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Buckets of Light

 

What to call a new website, one that would showcase my photos?  I wanted something that would combine something about me with something about photography.

BUCKETS

In considering the personal side of the website's name, I first worked with variations on both "James" and "Baquet." But none of these was leading anywhere.

Not that "Baquet" itself doesn't have an illustrious history, and some great--if peculiar--connections.

For example, you may know of the 19th-century medical doctor--some would say "quack"--Franz Anton Mesmer. Mesmer created a method of healing based on a principle he called "animal magnetism." In essence, he felt that magnets had an effect on the healing properties of the body. Needless to say, the orthodox medical community found this questionable, if not criminal. But the people came in droves. So many came that he sought out ways to "heal" people en masse. One such technique was to create a wooden tub which would "store and transmit magnetic fluid." The patient would place the afflicted area of his-or her-body against one of several iron rods coming out of the tub's lid, so that several patients could use the contraption at one time. This device was known as a baquet.

When I was a boy, "Bucket" was sort of a family nickname. Lots of kids called my dad "Mr. Bucket," and some friends just called him "Buckets." I was always told that this was more than coincidence: people in my family commonly believed that baquet meant 'bucket.'" But it wasn't until recent years, and easy access to reams of information via the internet, that I confirmed the meaning. Baquet does mean "bucket." So Mesmer's mystical machine was not simply a bucket, but a bucket of special power, a bucket of energy--a bucket of light!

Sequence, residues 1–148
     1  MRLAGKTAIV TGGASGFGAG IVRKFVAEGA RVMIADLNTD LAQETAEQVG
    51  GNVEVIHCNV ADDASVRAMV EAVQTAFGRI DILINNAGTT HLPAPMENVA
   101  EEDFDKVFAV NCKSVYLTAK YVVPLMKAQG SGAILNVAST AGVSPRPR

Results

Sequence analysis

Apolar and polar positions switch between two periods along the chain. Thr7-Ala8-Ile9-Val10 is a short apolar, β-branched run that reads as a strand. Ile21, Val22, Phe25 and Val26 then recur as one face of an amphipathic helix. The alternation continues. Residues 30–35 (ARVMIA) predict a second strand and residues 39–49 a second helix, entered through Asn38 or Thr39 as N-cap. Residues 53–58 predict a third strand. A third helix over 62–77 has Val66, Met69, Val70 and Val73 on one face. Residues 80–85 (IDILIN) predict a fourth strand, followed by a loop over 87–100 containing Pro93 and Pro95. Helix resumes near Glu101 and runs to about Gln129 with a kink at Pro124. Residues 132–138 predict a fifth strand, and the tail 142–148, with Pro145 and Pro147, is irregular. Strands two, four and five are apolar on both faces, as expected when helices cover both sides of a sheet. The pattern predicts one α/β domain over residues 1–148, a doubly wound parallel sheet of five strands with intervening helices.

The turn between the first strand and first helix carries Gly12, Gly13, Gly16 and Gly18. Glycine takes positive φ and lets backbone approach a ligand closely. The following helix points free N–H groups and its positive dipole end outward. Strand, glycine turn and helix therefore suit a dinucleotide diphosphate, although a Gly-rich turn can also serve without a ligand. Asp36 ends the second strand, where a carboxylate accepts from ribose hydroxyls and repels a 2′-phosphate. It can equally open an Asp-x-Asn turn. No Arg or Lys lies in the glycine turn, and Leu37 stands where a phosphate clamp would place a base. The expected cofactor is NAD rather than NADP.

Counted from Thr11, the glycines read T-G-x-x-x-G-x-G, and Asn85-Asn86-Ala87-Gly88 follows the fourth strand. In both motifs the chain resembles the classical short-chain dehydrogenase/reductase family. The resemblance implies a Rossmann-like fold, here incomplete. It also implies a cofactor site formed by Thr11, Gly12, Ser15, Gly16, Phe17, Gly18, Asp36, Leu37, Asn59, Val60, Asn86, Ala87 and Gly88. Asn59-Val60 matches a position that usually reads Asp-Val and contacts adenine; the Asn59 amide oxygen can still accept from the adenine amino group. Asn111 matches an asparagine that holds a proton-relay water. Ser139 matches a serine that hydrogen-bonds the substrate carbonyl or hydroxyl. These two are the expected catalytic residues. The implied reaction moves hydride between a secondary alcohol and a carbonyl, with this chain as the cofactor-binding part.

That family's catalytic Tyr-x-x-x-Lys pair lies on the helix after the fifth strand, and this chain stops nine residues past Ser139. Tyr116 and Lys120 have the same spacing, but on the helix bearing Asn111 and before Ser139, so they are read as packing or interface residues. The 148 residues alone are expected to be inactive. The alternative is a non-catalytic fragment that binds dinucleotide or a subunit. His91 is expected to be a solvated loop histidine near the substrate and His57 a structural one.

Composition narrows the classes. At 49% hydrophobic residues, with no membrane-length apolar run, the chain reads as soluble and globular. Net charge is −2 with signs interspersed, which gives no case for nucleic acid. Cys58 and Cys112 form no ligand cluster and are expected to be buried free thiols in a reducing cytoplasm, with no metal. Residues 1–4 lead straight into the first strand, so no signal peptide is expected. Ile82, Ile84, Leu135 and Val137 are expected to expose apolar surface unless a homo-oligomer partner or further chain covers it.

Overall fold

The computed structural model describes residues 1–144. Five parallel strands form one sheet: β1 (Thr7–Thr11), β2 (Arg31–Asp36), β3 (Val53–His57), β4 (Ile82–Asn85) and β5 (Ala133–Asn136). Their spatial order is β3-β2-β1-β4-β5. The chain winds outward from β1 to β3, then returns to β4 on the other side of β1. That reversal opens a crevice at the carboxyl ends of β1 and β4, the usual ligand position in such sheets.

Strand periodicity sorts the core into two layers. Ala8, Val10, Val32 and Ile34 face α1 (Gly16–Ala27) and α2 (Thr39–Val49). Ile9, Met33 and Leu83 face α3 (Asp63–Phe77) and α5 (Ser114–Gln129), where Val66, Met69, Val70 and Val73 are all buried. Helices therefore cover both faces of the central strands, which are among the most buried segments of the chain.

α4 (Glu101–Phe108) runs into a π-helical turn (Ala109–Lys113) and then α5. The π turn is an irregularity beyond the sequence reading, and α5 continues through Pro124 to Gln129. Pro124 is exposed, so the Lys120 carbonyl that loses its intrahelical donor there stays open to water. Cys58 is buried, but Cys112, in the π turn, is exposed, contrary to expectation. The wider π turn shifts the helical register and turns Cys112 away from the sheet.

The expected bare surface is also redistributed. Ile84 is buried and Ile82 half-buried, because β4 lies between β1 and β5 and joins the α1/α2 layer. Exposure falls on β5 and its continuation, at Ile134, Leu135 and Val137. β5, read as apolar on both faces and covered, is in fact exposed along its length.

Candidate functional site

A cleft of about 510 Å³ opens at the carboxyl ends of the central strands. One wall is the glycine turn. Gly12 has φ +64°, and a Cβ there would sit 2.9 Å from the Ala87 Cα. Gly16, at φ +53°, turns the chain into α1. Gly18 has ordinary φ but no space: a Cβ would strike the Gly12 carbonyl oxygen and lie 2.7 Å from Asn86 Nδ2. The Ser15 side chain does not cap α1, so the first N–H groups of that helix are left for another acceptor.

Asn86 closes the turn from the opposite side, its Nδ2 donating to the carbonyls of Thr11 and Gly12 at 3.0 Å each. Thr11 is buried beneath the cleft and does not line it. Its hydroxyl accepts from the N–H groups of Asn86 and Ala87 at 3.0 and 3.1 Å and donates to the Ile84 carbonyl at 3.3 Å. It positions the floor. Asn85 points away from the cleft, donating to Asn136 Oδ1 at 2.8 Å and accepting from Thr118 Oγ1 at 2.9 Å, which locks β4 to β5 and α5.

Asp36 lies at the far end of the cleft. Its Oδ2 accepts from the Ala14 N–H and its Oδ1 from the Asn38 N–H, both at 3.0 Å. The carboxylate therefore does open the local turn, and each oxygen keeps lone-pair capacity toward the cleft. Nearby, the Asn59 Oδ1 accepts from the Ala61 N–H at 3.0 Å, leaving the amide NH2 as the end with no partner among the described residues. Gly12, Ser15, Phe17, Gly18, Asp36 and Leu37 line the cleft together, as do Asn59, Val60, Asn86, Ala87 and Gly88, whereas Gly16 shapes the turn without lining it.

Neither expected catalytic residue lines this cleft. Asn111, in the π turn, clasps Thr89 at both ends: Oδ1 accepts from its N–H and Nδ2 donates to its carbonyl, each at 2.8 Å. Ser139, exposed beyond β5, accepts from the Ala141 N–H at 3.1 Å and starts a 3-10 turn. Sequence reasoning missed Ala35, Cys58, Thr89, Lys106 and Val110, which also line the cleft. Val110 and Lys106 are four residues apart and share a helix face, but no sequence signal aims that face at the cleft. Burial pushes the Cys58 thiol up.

This is one of the first associations that shows up when one searches the internet for the word "baquet." But also right up there is an association with the roots of jazz. My grandfather, Achille, was one of the early pioneers of Dixieland jazz. Achille's brother George and father Theogene are also well-known for their roles in the development of this most American music. These men exemplify the creative spirit typical of people named "Baquet," whether that creativity expresses itself in music, business, or visual arts.

But here we're most interested in photographers named Baquet. We'll mention a few.

First, the man who snagged the coveted homepage "www.baquet.com" Frank Baquet is a German-born art photographer who produces edgy, abstract images. Next, Arsene Baquet is a photographer and photography teacher who came to California from New Orleans to study with Ansel Adams. He is the co-author (with Steve Holtz) of The Zone System - A Basic Explanation. (The Zone System is Adams' system of exposure and print production.) Another peculiar connection between my family name and photography is less direct. The French actor Maurice Baquet was apparently extremely close to a French photographer well known in America: Robert Doisneau. There are several shots of Baquet made by Doisneau, including a magnificent image titled Maurice Baquet on Brooklyn Bridge. A book of Doisneau's letters to Baquet has also been published.

Finally, a list of Baquets who make photographs would be incomplete without mention of the man who started it all for me. My father's oldest brother, Horace Baquet--better known as "Uncle Hor"--was a weekend wedding photographer. When I was 14, my mother gave me an Argus C-3 camera, better known as "The Brick." Although the camera itself had limited possibilities, these were maximized by an offer from Uncle Hor (pronounced "ha"). He had his own dark room out in the garage of the house he shared with his maiden sister Aunt Til--who lived in the house until she died--and he agreed to teach me the basics of developing and printing black and white pictures. And with that, a monster was born."

All of this, then, by way of explaining the use of the word "bucket" in the name of my site. But now let's move on to the next subject: 

LIGHT